- Simon Biggs
The Raid on Zeebrugge - 24 April 1918
Mounted by two thousand men of the 4th Battalion Royal Marines and Royal Navy under the command of Vice-Admiral Sir Roger Keyes.
The objective was to deny the Port to German submarines.
An appeal was made to the Grand Fleet for volunteers for special service on 23 February 1918. Very few of the participants were aware of the objective.
The cruisers involved in the blockade, including HMS Vindictive, were equipped in Chatham by over 2,000 workers for the special fitting out or (in the case of the ships to be sunk) stripping out of unnecessary equipment, including their masts. Iris, Daffodil and the submarines were converted in Portsmouth. The fleet made its rendezvous at Swin Deep, about 8 mi (7.0 nmi; 13 km) south of Clacton.
The first opportunity for the raid was early April 1918 and on 2 April the fleet sailed and Zeebrugge was bombed by 65 Squadron from Dunkirk. The success of the raid depended upon smokescreens to protect the British ships from the fire of German coastal artillery but the wind direction was unfavourable and the attack was called off.
Zeebrugge was visible to the fleet and the fleet to the Germans in Zeebrugge; seventy-seven ships of all sizes, some with their lights already switched off, had to make a sharp turn to the west to return to their bases
On 23 April a second attempt was made, in conjunction with a raid on the neighbouring harbour of Ostend. The raid began with a diversion against the mile-long Zeebrugge mole. The attack was led by an old cruiser, Vindictive, with two Mersey ferries, Daffodiland Iris II. The three ships were accompanied by two old submarines, which were filled with explosives to blow up the viaduct connecting the mole to the shore. Vindictive was to land a force of 200 sailors and a battalion of Royal Marines at the entrance to the Bruges Canal, to destroy German gun positions. At the time of the landing the wind changed and the smokescreen to cover the ship was blown offshore. The marines immediately came under heavy fire and suffered many casualties.
Vindictive was spotted by German gun positions and forced to land in the wrong location, resulting in the loss of the marines' heavy gun support.
Eventually the submarine HMS C3 commanded by Lt. R. D. Sandford, destroyed the viaduct with an explosion. Sandford was awarded the Victoria Cross for this action. The attempt to sink three old cruisers, to block the flow of traffic in and out of the Port of Bruges-Zeebrugge failed.
The failure of the attack on the Zeebrugge mole resulted in the Germans concentrating their fire on the three blocking ships, HMS Thetis, Intrepid and Iphigenia, which were filled with concrete. Thetis did not make it to the canal entrance, after it hit an obstruction and was scuttled prematurely. The two other ships were sunk at the narrowest point of the canal.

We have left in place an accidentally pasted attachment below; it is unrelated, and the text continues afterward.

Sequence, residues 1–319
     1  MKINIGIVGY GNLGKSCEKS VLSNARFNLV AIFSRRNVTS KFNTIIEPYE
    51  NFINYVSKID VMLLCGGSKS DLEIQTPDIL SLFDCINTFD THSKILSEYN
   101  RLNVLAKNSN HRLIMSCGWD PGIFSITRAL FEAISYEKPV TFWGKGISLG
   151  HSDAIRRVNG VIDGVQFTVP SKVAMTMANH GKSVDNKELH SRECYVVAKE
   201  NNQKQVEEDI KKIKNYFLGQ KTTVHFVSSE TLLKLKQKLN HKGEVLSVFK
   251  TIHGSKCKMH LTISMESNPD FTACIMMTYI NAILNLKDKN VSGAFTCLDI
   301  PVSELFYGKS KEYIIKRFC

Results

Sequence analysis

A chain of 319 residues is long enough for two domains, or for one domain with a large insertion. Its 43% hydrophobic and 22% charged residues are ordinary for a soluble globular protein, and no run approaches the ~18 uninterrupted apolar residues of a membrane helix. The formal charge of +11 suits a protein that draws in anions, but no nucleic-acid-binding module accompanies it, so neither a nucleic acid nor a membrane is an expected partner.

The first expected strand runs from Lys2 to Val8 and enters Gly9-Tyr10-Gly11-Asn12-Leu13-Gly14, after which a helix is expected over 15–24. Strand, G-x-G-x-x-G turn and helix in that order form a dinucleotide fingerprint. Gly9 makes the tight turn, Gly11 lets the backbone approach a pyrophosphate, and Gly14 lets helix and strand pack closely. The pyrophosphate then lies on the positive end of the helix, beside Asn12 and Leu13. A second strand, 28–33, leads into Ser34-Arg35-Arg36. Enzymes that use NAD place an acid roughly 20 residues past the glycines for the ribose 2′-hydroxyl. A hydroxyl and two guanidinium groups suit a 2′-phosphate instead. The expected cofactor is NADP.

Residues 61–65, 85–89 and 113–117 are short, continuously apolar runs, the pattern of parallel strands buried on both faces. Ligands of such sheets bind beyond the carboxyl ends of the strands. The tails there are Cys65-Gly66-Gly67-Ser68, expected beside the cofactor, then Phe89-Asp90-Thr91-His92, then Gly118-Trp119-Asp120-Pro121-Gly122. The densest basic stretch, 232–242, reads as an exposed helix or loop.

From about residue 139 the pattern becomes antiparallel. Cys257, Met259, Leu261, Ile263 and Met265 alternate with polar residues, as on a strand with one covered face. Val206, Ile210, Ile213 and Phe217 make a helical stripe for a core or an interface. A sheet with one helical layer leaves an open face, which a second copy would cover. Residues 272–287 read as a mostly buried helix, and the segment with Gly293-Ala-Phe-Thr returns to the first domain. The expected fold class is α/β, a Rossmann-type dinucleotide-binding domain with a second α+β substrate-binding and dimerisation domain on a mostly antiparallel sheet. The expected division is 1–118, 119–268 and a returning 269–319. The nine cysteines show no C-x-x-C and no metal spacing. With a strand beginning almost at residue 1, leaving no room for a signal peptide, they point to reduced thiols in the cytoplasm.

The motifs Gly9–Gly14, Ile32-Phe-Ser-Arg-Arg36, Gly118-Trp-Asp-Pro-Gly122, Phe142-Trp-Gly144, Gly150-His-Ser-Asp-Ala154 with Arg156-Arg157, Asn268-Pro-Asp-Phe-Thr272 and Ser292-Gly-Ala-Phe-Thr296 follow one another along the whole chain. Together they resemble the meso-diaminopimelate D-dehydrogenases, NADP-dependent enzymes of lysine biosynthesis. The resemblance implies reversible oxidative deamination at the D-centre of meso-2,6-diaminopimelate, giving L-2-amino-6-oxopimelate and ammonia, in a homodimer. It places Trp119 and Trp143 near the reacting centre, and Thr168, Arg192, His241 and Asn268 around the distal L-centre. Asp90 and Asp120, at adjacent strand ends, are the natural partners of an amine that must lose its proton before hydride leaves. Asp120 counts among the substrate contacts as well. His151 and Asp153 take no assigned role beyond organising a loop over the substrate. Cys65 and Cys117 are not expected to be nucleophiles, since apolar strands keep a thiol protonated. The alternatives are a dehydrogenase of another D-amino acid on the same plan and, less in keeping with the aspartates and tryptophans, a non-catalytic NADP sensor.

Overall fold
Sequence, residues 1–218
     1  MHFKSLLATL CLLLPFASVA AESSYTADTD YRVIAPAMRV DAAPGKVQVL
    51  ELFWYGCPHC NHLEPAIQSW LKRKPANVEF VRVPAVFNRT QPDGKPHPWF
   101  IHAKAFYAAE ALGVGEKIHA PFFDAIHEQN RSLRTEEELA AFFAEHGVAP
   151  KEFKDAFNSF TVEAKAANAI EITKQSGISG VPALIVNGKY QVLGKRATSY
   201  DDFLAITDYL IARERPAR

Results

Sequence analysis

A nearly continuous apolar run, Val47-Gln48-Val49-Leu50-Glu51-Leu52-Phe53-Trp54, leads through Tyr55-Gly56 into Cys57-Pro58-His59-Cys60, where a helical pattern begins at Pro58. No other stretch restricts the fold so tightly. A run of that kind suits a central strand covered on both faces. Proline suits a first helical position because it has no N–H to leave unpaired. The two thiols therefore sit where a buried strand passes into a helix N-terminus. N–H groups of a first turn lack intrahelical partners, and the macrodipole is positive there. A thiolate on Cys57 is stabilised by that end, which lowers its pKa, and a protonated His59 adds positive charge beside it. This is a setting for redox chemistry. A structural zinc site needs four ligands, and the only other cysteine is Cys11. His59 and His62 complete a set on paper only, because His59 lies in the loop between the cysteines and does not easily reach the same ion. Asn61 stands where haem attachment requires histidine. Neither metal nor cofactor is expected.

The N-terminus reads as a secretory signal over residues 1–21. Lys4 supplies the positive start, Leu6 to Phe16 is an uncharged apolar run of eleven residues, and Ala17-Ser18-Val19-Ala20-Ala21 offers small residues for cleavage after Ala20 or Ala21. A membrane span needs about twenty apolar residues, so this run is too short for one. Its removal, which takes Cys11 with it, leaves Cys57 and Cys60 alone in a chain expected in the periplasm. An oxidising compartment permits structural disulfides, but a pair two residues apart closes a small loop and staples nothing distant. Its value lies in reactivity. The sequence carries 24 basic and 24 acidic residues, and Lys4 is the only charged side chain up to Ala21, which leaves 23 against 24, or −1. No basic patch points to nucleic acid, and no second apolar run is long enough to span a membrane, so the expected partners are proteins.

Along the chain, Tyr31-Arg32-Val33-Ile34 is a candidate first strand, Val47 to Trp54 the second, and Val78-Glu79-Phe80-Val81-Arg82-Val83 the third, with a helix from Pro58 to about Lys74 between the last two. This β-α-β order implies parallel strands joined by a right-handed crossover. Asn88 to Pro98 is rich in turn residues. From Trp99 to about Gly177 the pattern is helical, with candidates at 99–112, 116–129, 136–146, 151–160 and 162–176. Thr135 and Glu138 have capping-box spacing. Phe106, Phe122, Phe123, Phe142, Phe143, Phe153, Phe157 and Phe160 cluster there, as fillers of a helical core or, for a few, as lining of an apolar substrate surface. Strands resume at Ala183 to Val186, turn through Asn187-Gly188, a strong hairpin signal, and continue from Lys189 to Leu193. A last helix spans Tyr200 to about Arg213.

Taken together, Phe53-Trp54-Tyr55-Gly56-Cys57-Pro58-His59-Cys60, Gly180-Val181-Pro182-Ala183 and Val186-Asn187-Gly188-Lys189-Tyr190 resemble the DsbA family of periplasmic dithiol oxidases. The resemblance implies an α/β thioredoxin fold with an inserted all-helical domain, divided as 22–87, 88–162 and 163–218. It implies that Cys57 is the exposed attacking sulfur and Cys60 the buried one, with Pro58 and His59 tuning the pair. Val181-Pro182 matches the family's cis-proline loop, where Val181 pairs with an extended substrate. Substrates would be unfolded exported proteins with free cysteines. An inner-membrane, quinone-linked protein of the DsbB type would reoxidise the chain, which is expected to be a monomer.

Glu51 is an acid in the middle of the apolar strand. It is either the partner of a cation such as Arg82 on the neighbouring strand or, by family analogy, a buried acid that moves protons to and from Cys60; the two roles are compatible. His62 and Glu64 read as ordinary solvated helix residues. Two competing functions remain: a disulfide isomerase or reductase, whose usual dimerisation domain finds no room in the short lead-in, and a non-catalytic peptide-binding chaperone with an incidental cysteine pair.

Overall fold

The submarines C1 under Lieutenant A. C. Newbold and C3 under Sandford were old, each with a volunteer crew of one other officer and four ratings. They had five tons of amatol packed into their fore-ends and were to be driven into the viaduct and then blown up, to prevent reinforcement of the German garrison on the mole. The crews were to abandon their submarines shortly before the collision with the viaduct, leaving the submarines to steer themselves automatically. During the passage from Dover, C1 parted with its tow and arrived too late to take part in the operation. Sandford, in command of C3, elected to steer his ship into the viaduct manually instead of depending on the automatic system
Daffodil rams HMS Vindictive against the mole. The Marines and Naval Landing Party are going in up ramps
the entire 4th Battalion Royal Marines was awarded the Victoria Cross for the action, triggering Rule 13 of the Victoria Cross warrant stipulating that a ballot must be drawn to select the recipients. Although the Victoria Cross rules specify that four Victoria Crosses should be awarded this way (one to an Officer, one to an NCO, and two to other ranks) they were not observed and only two Victoria Crosses were awarded. This was the last time that Victoria Crosses were awarded by ballot, although the rule still exists within the Victoria Cross warrant. In a mark of respect to those involved in the raid the Royal Marines have never raised another 4th Battalion.
Keyes, in the destroyer Warwick, signaled to the fleet the ancient battle cry St. George for England!, Carpenter signaled back from Vindictive: “May we give the dragon’s tail a damned good twist.” Read More/ Web Link: Wikipedia